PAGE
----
How many speeches can you remember? Who spoke at the last meeting you attended? What did they tell you?
Having carried out well over 100 recall exercises, (in many countries) I realised the spoken word is a poor way to instruct and to teach. The results of these exercises have been disappointing. But they can be improved by following a few simple rules.
Five of the best ways to make your presentations memorable
* Make the content relevant to the audience
Get to know the composition and the background of your audience, their age, their wants and needs. Find out what they want to know and tell them.
* First get their attention
A joke or an anecdote at the start is a good way to get attention. Don’t lecture an audience – chat to them.
*Don’t say too much
Tell your audience what you propose to say. Make your case, then sum up your message in your conclusion with any recommendations.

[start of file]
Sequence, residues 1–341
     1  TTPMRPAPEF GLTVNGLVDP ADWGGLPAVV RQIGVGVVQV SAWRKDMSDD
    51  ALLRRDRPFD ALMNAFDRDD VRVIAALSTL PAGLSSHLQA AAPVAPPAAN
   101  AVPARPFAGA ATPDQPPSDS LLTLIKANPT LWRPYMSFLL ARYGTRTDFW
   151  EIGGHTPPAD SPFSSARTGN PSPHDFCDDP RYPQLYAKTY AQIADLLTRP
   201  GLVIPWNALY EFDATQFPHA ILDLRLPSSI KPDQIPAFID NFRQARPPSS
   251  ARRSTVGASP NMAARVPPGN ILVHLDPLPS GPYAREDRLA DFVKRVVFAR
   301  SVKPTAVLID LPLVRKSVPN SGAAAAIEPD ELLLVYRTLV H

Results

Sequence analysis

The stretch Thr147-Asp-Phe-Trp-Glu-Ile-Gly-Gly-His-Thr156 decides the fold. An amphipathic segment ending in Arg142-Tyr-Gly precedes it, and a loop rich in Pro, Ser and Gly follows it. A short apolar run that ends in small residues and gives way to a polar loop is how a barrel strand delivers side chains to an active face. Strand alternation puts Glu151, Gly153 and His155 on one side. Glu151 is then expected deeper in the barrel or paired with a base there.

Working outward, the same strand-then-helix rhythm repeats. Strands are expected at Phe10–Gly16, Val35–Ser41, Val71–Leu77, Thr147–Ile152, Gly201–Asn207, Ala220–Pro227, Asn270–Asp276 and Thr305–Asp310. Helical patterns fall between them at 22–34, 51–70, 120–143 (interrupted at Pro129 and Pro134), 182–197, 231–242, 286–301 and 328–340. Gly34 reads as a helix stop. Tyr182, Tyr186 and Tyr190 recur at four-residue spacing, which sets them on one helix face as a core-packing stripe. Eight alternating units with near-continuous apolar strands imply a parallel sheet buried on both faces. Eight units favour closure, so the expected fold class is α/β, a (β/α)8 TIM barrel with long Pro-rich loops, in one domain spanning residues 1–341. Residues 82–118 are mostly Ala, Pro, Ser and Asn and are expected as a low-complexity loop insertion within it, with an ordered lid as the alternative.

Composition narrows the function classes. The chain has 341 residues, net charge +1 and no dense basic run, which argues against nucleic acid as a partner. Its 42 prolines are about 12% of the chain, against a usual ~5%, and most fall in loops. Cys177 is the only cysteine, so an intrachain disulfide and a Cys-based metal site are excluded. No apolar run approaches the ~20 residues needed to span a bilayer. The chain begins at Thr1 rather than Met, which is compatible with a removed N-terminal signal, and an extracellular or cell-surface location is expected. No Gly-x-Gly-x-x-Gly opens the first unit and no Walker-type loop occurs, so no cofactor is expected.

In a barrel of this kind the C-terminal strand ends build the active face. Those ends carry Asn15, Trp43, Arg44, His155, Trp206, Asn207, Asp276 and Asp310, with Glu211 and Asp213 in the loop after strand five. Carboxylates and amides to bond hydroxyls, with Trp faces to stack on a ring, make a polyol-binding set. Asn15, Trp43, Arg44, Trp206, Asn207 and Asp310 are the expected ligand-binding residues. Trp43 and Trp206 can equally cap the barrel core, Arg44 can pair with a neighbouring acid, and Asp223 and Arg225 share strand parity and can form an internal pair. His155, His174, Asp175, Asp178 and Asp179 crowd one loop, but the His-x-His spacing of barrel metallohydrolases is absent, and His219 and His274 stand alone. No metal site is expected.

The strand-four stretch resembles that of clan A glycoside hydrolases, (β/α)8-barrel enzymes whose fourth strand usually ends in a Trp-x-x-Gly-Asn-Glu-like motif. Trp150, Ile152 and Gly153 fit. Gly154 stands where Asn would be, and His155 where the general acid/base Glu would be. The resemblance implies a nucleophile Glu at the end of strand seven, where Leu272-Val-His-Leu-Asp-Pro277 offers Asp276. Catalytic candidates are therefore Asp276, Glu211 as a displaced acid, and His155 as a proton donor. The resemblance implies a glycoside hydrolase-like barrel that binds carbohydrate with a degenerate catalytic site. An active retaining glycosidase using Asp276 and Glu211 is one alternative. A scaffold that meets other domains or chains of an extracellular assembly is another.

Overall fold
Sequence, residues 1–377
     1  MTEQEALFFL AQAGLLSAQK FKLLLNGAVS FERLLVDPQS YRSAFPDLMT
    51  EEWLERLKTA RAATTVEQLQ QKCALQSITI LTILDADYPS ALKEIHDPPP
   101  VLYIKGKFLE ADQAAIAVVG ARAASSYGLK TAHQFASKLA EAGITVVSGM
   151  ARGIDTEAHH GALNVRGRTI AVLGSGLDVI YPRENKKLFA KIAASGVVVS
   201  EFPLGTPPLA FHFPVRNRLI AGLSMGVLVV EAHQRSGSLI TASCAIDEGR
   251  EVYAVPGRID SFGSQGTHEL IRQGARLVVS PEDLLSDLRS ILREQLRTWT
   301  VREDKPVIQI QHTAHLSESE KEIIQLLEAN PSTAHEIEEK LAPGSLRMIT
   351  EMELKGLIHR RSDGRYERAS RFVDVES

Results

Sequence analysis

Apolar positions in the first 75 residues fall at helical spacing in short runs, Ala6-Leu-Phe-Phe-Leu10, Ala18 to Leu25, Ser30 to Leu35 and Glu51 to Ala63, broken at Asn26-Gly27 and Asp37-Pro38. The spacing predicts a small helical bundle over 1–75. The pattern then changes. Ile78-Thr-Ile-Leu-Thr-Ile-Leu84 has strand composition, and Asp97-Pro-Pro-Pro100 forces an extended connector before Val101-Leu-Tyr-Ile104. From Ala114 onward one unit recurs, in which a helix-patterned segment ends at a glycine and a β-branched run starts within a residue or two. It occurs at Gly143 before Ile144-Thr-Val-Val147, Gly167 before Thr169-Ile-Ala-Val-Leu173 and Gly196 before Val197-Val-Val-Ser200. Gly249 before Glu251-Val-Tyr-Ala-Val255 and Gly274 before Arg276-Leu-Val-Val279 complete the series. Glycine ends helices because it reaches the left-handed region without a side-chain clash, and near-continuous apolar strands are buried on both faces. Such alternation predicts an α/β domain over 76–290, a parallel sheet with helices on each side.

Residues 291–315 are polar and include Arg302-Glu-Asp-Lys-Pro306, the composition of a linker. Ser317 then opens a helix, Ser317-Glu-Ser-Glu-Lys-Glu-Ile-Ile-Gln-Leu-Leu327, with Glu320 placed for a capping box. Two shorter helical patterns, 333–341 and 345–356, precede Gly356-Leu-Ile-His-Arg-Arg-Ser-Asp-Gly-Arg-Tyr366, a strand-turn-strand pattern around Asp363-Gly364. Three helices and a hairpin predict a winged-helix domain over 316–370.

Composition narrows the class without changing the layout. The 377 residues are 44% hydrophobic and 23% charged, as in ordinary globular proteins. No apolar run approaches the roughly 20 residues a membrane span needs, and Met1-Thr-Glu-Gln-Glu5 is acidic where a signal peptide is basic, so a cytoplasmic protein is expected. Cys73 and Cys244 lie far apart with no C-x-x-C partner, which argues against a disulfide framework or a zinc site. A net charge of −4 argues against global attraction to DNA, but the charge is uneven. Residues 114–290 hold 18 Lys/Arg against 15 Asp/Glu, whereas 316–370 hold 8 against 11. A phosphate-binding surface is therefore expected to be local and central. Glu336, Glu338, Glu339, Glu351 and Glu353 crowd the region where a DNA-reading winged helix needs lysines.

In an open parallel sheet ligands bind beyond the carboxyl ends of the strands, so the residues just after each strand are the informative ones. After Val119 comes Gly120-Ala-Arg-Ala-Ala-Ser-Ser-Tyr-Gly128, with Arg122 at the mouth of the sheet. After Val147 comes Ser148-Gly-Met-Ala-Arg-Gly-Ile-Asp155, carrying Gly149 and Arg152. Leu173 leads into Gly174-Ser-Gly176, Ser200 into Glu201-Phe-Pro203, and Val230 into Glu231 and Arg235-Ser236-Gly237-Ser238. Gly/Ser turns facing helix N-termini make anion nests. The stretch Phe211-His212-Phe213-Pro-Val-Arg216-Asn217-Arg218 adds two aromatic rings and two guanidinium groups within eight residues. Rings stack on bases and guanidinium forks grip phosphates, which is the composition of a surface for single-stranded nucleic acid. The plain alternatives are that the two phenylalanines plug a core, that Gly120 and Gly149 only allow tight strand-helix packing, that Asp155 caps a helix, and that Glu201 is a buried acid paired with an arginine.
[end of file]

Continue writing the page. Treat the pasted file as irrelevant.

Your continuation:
Use as many senses as possible, sight, smell, sound, taste and touch. If possible ask questions and get them involved.
* Use simple visual aids that all can see
Visual impressions linger longer than the spoken word. An audience remembers about 20% of what they hear and about 80% of what they see.
* Make sure all can hear what you have to say
Check out the sound system before you start your presentation. Make sure all people at the back can hear you clearly. if you don’t have a sound system pitch your voice to the back of the room.
* Give a handout at the finish to aid recall
Tell your audience you have handouts before you start so they don’t need to make notes.
You are more likely to have your next presentation remembered if you follow these simple rules.
“The more words you use the less people remember.”
Source: “Persuasive Ways. ‘Tricks of the trade’ to get your ideas across”. First published by Moss Associates Ltd., New Zealand and in Chinese by the Shanghai People’s Publishing House, the Singapore Institute of Management, Kogan Page Ltd, U.K and in Hungarian by Bagolyvar Konyvkiado. Also published as the “Secrets of Persuasion” by Cengage Learning Asia and as an e-book and sold by Amazon.com.